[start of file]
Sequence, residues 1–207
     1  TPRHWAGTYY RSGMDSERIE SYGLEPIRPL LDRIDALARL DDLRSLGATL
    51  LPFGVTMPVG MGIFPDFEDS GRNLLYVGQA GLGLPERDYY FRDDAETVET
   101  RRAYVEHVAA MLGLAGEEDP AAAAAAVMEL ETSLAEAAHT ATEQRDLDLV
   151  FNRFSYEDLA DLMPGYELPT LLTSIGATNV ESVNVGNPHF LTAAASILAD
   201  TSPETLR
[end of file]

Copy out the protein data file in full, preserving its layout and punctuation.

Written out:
Sequence, residues 1–207
     1  TPRHWAGTYY RSGMDSERIE SYGLEPIRPL LDRIDALARL DDLRSLGATL
    51  LPFGVTMPVG MGIFPDFEDS GRNLLYVGQA GLGLPERDYY FRDDAETVET
   101  RRAYVEHVAA MLGLAGEEDP AAAAAAVMEL ETSLAEAAHT ATEQRDLDLV
   151  FNRFSYEDLA DLMPGYELPT LLTSIGATNV ESVNVGNPHF LTAAASILAD
   201  TSPETLR